Miniature RF Technology
In high-technology areas such as microelectronics, materials science, nanotechnology and biotechnology, there is a drive towards imaging and analyzing ever-smaller structures. The electron microscope is one of the key instruments for this purpose. One of the exciting recent developments in electron microscopy and electron diffraction is the push towards time-resolved measurements, using electron pulses with duration in the femtosecond range. In femtosecond electron microscopy the usual approach up to now is to illuminate the tip with a femtosecond laser, thus producing in a hybrid photo-field emission mode single-electron pulses. Due to the limited repetition rate of the femtosecond laser, however, the average current is rather low. Moreover, the conventional electron microscopy field emission tips have not been optimized for photo-excitation, so the ensuing beam quality is far from ideal. Our approach is to use the electron microscope in a regular continuous mode and to generate the femtosecond electron pulses by chopping the beam downstream. For this purpose we use a miniaturized, low-power 3 GHz resonant cavity in TM110 mode in combination with a micrometer-sized slit. The beam emittance is not affected by the RF fields of the cavity and beam chopping can be done at frequencies as high as 3 GHz, leading to quite reasonable average currents. The system is ideally suited for doing time-resolved electron-energy-loss-spectroscopy (EELS). We are now using the chopped beam, which is synchronized to a femtosecond laser, for fundamental studies of light-electron interaction. In addition, we plan to add a 3 GHz cavity in TM010 mode, which should lead to even shorter pulse lengths and possibly enable aberration correction with time-dependent fields.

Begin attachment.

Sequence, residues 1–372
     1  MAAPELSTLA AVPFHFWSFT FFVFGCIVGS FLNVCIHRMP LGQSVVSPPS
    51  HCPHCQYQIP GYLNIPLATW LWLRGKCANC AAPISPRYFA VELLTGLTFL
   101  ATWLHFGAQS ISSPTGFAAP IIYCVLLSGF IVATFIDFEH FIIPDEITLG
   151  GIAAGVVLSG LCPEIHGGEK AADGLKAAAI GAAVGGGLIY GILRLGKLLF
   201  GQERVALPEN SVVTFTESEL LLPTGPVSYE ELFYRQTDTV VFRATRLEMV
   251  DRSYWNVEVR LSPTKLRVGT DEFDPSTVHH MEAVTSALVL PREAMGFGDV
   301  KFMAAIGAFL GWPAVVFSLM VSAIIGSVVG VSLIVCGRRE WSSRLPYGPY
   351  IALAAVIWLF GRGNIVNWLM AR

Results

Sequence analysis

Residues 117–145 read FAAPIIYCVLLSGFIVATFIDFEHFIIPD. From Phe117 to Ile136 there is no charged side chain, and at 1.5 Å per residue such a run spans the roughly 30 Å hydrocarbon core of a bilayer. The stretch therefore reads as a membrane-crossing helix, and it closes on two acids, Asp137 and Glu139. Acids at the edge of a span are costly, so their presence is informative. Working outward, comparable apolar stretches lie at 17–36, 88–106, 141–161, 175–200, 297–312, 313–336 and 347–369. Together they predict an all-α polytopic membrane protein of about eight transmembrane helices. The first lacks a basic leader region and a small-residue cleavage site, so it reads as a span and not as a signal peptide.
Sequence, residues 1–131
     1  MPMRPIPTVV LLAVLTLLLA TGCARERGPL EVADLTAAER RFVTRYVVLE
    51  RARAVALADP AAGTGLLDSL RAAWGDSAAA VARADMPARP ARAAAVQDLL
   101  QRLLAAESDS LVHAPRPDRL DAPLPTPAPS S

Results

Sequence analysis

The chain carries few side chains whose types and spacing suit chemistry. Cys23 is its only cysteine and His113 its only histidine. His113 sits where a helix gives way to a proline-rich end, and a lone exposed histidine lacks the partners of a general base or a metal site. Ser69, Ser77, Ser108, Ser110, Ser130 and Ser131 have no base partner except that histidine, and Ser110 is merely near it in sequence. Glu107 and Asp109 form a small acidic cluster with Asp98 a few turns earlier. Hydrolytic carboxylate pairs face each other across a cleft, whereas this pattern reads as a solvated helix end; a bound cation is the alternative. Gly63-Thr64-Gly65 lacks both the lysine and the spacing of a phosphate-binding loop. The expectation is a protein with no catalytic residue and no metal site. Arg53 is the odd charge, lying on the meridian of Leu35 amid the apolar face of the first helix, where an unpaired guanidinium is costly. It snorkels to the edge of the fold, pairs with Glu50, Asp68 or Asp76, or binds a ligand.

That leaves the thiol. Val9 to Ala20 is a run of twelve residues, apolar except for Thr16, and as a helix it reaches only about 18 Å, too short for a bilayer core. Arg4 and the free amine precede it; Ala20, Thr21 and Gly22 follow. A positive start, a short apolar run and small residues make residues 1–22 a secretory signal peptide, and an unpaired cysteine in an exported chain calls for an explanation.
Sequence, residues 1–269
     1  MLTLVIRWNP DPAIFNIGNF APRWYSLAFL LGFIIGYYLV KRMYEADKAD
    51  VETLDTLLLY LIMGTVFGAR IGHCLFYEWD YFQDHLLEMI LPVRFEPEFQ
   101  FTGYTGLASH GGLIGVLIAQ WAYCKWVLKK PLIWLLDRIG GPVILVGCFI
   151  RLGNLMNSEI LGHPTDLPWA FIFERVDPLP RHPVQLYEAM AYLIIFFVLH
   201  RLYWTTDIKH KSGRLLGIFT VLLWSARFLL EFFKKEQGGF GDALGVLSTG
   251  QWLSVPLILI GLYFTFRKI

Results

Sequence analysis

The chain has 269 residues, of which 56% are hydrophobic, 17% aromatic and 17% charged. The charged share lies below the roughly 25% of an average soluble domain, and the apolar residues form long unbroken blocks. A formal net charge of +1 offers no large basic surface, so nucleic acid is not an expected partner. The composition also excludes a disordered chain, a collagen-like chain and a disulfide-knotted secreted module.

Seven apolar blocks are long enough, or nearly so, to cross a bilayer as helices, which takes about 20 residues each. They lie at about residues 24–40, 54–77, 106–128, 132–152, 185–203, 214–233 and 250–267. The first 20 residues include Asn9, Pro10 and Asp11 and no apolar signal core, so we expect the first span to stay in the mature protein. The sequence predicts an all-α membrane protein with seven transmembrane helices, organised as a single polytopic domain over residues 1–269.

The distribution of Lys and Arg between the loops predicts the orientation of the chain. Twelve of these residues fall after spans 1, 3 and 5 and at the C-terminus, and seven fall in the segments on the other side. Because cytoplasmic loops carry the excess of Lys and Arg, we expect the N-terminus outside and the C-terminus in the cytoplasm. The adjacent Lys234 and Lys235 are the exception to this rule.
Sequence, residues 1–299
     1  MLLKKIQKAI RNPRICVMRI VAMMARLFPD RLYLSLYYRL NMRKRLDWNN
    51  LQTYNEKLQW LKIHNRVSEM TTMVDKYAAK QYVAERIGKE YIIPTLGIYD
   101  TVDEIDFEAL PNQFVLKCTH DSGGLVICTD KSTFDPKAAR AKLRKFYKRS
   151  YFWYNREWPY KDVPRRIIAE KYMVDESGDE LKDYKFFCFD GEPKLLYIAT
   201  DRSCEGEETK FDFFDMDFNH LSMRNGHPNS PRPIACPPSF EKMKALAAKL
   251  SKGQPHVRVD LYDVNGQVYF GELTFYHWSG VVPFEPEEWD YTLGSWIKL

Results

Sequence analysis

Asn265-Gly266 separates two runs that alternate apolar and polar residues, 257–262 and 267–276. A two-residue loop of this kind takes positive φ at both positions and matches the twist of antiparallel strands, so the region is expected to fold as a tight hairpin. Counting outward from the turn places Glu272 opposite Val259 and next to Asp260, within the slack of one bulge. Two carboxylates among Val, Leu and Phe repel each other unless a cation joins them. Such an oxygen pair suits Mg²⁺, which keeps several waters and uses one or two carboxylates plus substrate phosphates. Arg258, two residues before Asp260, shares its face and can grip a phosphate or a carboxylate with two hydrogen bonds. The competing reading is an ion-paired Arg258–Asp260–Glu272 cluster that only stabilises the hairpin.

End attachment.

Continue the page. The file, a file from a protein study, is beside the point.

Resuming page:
Keywords: Electron microscopy, electron diffraction, EELS, microwave/RF technology, femtosecond lasers.
People involved: The following people are or have been involved in this project:
|PhD student||Adam Lassise|
|Former PhD students||Thijs van Oudheusden|
|Former students||Joris Kanters|
|Technicians||Eddy Rietman, Louis van Moll, Ad Kemper, Harry van Doorn, and Iman Koole|
|Staff members||Peter Mutsaers and Jom Luiten|